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From funding "all children" to funding some

The waiting list issue is not a new one. It was flagged in a 2004 ombudsman's investigation into the program. That report suggests the ministry was aware as early as 2000, when it signed contracts with regional service providers, that they overestimated their ability to meet demand.

The initial program vision in 1999 was for "all young children with autism" in the province would be given "consistent, high quality, intensive early intervention services."

"The amended (2000) vision deleted the reference to 'all' young children, as well as the specific reference to 'intensive early intervention services,'" the report notes.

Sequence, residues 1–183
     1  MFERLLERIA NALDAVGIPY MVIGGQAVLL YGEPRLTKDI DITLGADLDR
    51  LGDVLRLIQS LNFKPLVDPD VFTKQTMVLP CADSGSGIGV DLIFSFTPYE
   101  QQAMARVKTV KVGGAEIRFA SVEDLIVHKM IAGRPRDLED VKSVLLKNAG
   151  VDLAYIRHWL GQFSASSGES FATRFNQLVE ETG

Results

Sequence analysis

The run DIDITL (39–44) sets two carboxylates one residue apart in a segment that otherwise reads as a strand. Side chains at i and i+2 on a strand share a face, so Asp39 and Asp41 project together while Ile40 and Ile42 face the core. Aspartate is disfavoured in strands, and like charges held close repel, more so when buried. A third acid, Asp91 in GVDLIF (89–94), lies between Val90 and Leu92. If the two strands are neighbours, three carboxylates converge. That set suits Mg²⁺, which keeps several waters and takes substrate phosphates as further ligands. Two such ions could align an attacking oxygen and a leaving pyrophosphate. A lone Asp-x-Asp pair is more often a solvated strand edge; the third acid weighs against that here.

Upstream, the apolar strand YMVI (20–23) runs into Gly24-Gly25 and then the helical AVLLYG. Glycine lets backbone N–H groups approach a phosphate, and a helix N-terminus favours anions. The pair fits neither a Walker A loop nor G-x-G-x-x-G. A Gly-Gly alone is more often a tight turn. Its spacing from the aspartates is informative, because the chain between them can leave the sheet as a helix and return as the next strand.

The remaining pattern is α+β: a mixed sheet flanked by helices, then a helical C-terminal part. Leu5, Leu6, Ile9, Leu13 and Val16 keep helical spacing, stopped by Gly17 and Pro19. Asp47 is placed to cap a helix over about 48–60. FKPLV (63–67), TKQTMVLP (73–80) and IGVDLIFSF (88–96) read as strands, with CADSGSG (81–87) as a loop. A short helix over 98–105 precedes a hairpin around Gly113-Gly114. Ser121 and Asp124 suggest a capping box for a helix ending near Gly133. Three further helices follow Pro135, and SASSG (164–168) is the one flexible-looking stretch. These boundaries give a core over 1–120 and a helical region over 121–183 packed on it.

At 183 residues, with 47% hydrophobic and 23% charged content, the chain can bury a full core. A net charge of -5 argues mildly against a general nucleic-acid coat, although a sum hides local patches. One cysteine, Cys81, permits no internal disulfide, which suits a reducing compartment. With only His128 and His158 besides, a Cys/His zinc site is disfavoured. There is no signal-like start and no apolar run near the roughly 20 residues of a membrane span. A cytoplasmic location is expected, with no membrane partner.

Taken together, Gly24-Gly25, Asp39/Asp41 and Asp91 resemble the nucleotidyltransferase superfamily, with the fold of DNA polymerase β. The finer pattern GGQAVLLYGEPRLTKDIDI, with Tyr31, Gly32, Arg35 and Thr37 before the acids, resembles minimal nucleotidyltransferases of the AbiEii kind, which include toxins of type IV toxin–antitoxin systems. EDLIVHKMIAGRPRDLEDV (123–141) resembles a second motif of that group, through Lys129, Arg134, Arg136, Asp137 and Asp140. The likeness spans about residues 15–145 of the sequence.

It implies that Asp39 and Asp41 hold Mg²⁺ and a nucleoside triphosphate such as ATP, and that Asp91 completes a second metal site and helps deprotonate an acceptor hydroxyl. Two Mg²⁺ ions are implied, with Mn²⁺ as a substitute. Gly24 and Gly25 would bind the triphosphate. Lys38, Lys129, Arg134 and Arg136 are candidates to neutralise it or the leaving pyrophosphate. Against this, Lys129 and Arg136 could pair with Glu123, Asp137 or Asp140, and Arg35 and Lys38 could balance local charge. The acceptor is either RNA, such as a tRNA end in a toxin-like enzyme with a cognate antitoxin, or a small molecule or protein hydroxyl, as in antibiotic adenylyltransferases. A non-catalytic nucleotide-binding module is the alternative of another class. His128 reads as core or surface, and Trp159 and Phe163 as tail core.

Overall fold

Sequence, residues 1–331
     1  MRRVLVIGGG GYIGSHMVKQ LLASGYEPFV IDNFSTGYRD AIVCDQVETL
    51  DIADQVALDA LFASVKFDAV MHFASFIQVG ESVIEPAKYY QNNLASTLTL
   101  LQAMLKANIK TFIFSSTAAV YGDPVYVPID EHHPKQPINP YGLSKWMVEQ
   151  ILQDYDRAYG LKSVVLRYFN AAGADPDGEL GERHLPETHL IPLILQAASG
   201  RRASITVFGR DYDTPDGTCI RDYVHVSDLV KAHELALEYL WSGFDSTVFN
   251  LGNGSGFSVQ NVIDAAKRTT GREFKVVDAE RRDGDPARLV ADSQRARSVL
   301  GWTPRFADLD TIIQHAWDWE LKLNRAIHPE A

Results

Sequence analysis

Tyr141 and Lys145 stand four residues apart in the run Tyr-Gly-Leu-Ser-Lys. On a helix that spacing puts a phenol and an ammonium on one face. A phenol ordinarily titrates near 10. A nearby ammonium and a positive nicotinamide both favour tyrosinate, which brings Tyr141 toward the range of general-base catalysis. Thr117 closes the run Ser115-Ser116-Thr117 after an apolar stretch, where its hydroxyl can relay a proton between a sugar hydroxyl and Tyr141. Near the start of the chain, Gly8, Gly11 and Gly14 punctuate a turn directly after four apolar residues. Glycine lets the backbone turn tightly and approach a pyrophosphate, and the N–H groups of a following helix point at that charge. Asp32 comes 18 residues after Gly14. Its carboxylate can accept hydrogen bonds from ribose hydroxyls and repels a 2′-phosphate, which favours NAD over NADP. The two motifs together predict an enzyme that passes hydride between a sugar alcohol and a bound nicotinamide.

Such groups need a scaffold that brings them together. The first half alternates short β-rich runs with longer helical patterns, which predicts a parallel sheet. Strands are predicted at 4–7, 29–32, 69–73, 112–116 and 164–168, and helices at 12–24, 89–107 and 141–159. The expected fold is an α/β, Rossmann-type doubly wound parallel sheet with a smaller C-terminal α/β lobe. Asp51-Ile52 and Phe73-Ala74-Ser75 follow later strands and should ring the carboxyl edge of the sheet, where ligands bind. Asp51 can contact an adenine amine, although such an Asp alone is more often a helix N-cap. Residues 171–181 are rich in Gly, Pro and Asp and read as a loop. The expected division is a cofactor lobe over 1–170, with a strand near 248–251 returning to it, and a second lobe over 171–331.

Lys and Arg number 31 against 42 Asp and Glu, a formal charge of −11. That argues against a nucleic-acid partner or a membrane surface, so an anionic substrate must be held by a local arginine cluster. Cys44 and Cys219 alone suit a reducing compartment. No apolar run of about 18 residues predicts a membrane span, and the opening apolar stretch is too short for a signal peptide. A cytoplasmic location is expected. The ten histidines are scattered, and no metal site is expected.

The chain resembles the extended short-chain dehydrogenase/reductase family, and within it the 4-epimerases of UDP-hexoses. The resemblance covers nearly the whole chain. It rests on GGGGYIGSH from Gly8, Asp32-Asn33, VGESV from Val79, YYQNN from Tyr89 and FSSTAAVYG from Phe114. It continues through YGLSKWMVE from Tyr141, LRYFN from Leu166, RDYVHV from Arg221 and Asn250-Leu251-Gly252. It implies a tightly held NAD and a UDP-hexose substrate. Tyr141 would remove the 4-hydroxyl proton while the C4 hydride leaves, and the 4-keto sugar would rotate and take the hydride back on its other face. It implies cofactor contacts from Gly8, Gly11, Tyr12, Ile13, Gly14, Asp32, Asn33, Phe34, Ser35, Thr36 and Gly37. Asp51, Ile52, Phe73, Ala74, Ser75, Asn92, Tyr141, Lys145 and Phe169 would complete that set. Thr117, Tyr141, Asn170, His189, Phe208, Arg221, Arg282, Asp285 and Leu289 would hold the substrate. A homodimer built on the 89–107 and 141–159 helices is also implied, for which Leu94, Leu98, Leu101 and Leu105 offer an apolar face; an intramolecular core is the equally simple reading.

In response to the report, MCYS noted the intensive therapy was funded "to the level of available resources and not to the level of need."

Waiting list "shouldn't exist": Autism Ontario

Every child that needs intensive behavioral intervention should have the therapy funded, according to the executive director of Autism Ontario.

"The kids who need this service, need this service," said Margaret Spoelstra. "The fact that we have kids waiting means that we're losing precious time."

According to Spoelstra, IBI can change the trajectory of a child's development drastically.

"It gets you to a point where you can help that child to learn rapidly, and you have positive reinforcement both for the instructors, the therapists, as well as the families because they see their kids learning when they understand how to use (IBI's) tools."

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